In a 2012 interview with GQ magazine, Senator Marco Rubio (R-FL) memorably declined to answer a straightforward question on the age of the Earth, telling reporter Michael Hainey, “I’m not a scientist, man.”
“I can tell you what recorded history says, I can tell you what the Bible says, but I think that’s a dispute amongst theologians and I think it has nothing to do with the gross domestic product or economic growth of the United States,” the freshman senator continued. “I think the age of the universe has zero to do with how our economy is going to grow. I’m not a scientist. I don’t think I’m qualified to answer a question like that.”
In the 16 months since that interview, Rubio has apparently been taking night classes.
During a Sunday appearance on ABC’s This Week, Rubio shared his thoughts on whether human activity is causing climate change.
“Our climate is always changing,” Rubio told ABC’s Jon Karl. “And what they have chosen to do is take a handful of decades of research and say that this is now evidence of a longer-term trend that’s directly and almost solely attributable to manmade activity…I do not agree with that.”
“I do not believe that human activity is causing these dramatic changes to our climate the way these scientists are portraying it,” the senator added. “I do not believe that the laws that they propose we pass will do anything about it, except it will destroy our economy.”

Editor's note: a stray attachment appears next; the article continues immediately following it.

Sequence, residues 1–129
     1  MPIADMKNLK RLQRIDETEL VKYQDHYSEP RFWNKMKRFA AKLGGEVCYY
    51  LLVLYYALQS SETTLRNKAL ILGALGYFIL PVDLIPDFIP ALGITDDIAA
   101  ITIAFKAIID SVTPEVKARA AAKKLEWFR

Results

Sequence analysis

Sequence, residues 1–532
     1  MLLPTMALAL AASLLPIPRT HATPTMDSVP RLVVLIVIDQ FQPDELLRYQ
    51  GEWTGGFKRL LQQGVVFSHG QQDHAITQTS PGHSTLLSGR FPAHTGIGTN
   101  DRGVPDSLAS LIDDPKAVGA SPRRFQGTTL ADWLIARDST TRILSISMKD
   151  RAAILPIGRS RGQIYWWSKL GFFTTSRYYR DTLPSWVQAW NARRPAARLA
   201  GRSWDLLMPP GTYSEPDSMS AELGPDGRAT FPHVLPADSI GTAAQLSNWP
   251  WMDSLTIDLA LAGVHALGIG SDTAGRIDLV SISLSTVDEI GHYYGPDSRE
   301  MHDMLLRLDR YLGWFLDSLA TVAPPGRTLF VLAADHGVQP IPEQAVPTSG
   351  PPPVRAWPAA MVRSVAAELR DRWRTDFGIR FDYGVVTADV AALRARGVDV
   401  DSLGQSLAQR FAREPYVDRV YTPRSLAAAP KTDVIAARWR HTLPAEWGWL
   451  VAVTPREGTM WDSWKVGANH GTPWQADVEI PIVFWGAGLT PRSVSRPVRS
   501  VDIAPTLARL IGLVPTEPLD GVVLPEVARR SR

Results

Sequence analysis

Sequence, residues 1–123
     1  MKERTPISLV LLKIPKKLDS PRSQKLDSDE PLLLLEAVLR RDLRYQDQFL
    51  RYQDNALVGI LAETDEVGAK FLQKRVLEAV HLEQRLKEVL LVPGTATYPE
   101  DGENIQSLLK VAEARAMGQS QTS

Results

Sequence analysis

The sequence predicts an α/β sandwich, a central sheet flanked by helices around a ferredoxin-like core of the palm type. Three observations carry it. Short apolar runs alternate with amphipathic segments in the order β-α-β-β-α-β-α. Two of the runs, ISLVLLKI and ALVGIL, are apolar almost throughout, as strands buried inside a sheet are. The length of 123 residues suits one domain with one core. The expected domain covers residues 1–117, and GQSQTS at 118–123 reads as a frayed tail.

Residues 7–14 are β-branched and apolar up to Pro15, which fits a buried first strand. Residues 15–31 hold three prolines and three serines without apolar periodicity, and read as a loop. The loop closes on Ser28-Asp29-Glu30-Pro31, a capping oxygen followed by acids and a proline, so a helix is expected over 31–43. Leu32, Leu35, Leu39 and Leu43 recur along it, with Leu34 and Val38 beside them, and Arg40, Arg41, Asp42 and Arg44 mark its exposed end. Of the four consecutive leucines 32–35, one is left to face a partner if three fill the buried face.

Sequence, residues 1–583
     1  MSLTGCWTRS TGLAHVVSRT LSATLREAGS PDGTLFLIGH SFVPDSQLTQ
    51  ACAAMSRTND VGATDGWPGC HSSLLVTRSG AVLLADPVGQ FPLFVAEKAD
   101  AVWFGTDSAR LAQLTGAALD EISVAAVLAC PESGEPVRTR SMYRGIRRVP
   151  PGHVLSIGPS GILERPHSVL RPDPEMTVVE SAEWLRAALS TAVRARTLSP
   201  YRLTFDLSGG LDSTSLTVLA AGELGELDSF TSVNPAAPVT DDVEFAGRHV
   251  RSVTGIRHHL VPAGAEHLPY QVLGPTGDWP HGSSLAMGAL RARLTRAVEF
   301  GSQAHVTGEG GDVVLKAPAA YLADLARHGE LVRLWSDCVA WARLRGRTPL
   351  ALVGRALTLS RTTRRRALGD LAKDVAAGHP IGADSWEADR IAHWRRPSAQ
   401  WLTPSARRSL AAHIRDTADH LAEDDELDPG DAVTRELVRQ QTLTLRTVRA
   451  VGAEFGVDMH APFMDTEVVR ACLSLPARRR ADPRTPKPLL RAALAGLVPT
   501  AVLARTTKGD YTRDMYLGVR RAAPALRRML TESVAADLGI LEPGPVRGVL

It seems that Rubio is a scientist now, and a pretty terrible one at that.
What’s changed between 2012, when Rubio refused to answer science questions, and today? The answer lies in the very same interview with Karl, when Rubio acknowledged that he is considering a presidential run in 2016.
If Rubio does embark on a long-rumored White House bid, his first order of business would have to be repairing his standing with the right-wing voters who launched him to prominence in 2010, then turned on him when Rubio helped lead Senate efforts to pass a comprehensive immigration reform bill (efforts he later abandoned).
Absurd as it may seem, denying climate science is one way for Rubio to remind Republican primary voters that he is one of them. After all, as The New York Times recently illustrated, American Republicans are just about the only people in the entire world who don’t believe that climate change is a major global threat.
Like Rubio’s pivots from an advocate for immigration reform to a vehement opponent, and from a Paul Ryan acolyte to an anti-poverty warrior, his latest shift is just clunky 2016 politics at work.
One thing that hasn’t changed, however, is the scientific consensus on climate change: 97 percent of climate scientists agree that Rubio is dead wrong, and human activity is causing the climate to warm.
And if Rubio sticks around Florida instead of moving to the White House, he may find that his constituents have a problem with his anti-science stance as well. The Sunshine State — and specificially, Rubio’s home city of Miami — is one of the American regions most vulnerable to climate change’s damaging effects.
Photo: Gage Skidmore via Flickr
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